It’s important to take advantage of Pinterest Trends as they apply to your brand, but don’t force anything! Pinterest and users understand the things that your brand would naturally be a part of or fall within, and posting non-relevant content doesn’t benefit you, users, or the Pinterest algorithm that is helping determine who to show your Pins and ads to.

This doesn’t mean that all your boards have to be purely commerce-driven. For example, if you are a brand that sells reusable water bottles, a relevant, non-sales related board could be top hiking destinations across the country. You could even encourage shoppers to share their own adventure pics featuring your product using a specific hashtag, and repin them to a board just for testimonials and your product being showcased ‘in the wild.’

3. Choose a Campaign Objective That Matches Your Goal

As always, it’s important to consider your goals first. Once you’ve honed in on exactly what you want your Pinterest advertising campaigns to achieve, you can map them to available Pinterest ad objectives, including:

    • Brand awareness – Help introduce your brand to new people, and keep it top-of-mind for those who are already familiar with your brand


    • Video views – If people watching and engaging with your video content is your top objective, mapping toward total video views is a strong option


    • Consideration – Designed to reach shoppers a bit further down the funnel who are actively comparing different options


    • Conversions – While conversions are often tied to purchases, they can also be downloads, subscriptions, or simply click throughs depending on your brand and goals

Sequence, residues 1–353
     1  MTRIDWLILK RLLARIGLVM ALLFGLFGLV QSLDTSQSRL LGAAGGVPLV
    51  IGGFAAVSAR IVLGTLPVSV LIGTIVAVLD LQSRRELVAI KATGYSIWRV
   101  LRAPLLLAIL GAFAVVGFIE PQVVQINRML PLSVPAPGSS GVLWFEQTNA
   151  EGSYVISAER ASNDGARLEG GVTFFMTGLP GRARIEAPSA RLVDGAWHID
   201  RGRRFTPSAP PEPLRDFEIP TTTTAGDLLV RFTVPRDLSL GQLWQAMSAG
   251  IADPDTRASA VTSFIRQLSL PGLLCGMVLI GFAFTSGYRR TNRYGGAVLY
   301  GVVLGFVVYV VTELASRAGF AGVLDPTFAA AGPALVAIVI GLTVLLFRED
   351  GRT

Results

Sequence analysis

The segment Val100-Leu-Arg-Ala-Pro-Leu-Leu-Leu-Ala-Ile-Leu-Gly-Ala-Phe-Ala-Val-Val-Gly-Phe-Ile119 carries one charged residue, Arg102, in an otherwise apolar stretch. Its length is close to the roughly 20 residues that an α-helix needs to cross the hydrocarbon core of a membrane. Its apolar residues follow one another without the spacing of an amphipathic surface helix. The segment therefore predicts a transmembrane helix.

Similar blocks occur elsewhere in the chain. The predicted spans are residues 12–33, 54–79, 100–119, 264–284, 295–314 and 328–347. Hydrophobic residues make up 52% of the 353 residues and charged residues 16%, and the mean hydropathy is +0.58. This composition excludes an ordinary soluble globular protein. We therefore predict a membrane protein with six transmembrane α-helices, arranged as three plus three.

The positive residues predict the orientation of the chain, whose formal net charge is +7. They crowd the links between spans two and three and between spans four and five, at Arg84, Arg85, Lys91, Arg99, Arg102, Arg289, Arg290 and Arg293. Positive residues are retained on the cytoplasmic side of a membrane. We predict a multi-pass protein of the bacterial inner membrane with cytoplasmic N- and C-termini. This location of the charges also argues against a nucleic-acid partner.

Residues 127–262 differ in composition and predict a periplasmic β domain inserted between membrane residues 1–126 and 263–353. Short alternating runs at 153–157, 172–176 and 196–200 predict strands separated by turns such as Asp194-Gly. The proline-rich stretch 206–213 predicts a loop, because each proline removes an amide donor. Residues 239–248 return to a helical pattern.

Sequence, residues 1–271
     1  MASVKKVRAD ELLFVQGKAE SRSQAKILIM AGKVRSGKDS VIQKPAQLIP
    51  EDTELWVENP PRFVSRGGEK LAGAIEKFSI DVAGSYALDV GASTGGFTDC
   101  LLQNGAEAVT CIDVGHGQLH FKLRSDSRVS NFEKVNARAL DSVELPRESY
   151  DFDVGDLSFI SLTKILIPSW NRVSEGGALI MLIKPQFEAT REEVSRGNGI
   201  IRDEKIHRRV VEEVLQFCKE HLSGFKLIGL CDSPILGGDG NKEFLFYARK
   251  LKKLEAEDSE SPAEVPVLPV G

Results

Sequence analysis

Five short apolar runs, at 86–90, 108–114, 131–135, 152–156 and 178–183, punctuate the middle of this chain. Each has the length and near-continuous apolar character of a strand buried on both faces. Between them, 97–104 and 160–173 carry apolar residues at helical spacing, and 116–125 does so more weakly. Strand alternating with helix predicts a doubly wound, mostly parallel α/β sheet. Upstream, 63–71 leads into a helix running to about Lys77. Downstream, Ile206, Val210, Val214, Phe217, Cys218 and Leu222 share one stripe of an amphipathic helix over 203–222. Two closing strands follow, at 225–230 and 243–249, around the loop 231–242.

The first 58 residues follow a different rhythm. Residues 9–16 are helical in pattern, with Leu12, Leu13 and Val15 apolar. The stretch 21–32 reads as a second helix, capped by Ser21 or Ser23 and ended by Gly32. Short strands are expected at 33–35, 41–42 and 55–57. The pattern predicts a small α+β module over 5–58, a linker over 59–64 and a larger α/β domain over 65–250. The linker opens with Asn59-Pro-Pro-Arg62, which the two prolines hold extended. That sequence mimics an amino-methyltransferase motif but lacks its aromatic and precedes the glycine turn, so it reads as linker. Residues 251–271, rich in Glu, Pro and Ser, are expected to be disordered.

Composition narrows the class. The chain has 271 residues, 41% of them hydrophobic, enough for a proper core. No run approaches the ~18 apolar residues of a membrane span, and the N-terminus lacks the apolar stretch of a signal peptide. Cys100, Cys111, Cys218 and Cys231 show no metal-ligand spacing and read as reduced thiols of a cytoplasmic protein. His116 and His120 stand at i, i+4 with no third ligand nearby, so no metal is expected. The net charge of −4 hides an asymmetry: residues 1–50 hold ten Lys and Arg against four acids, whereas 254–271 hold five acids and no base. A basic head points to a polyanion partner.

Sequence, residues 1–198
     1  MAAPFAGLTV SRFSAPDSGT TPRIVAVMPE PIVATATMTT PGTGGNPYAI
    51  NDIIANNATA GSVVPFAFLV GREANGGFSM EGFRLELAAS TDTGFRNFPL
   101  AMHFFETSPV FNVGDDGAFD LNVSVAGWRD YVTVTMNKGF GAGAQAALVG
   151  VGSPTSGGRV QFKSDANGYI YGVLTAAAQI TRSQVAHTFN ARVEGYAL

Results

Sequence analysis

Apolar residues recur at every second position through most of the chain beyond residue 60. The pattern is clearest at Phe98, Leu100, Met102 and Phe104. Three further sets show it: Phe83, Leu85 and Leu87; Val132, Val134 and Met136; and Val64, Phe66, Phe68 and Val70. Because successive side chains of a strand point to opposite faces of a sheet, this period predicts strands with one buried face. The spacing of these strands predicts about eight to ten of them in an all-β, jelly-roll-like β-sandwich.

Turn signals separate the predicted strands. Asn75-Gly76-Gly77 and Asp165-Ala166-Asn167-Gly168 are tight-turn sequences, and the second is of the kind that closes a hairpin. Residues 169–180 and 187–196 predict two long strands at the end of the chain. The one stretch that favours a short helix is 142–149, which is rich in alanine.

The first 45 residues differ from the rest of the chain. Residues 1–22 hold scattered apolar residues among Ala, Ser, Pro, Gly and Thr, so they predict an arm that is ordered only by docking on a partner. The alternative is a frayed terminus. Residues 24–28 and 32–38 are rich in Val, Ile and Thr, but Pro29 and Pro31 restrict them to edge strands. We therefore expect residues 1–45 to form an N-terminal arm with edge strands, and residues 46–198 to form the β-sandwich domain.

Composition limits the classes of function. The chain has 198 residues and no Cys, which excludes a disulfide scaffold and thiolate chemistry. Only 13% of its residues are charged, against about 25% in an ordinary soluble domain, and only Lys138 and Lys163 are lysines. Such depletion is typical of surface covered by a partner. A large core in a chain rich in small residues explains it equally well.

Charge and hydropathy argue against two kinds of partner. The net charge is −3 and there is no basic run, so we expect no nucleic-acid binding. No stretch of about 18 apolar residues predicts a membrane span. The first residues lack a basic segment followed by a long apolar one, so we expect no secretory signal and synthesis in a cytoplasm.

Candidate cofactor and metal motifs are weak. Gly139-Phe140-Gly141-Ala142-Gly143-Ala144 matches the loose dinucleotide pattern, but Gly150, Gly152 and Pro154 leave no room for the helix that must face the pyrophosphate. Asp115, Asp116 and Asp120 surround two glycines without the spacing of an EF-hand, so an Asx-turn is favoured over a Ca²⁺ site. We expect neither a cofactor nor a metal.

• Catalog sales – If the only needle you really need to move is the sales needle, focus on lower-funnel objectives that aim to close the deal


4. Use Interest and Keyword Targeting

After you’ve created Pins, you will have to select a method of targeting your audience…

    • Keyword Targeting: Through keywords, you can reach customers searching for specific things associated with your product.


    • Interest Targeting: Pinterest can be searched by customers by things they are interested in. This method is broader than keywords but can be effective if thoughtfully utilized.


    • Actalike Audiences: For keyword targeting, there is an opportunity to hone in on seasonal keywords like ‘back to school,’ ‘holiday shopping,’ etc. To reach people whose interests and behaviors are similar to your customers, we recommend starting with broad actalikes that cast a wider net. Once you have enough data insights to measure how they perform, you can narrow your focus to what worked best.


  • Pinterest Dynamic Creative: In 2021, Pinterest launched an “ad process that enables advertisers to automate the ad creation and targeting process for their campaigns based on individual user behavior.”


5. Retarget High Value Users with Relevant Content

Along with keywords and interests, advertisers using Pinterest can target users based on gender, language, devices, location, and more. Keep in mind that using more of these targeting options will increase Pinterest advertising costs.

    • Customer List Targeting: This tool allows advertisers to target users through already existing customer lists. Advertisers can compare their existing customers to users on Pinterest.


    • Visitor Retargeting: This feature allows advertisers to add conversion tags on their sites and track behaviors and movements in their existing customers. Data collected can then be used to provide appropriate content to the right users and more effectively focus ad spend.


    • Look-A-Like Targeting: This method of targeting allows you to target users that behave similarly to your current audience, using already existing data to determine users most likely to be interested in your Pinterest advertisements.


  • Pin Engagers: This gives advertisers the opportunity to deliver ads to visitors that have previously engaged with Pins from their website. Engagement types include Pin clicks, outbound clicks, Pins they saved or commented on, carousel card swipes, and Video Pin views.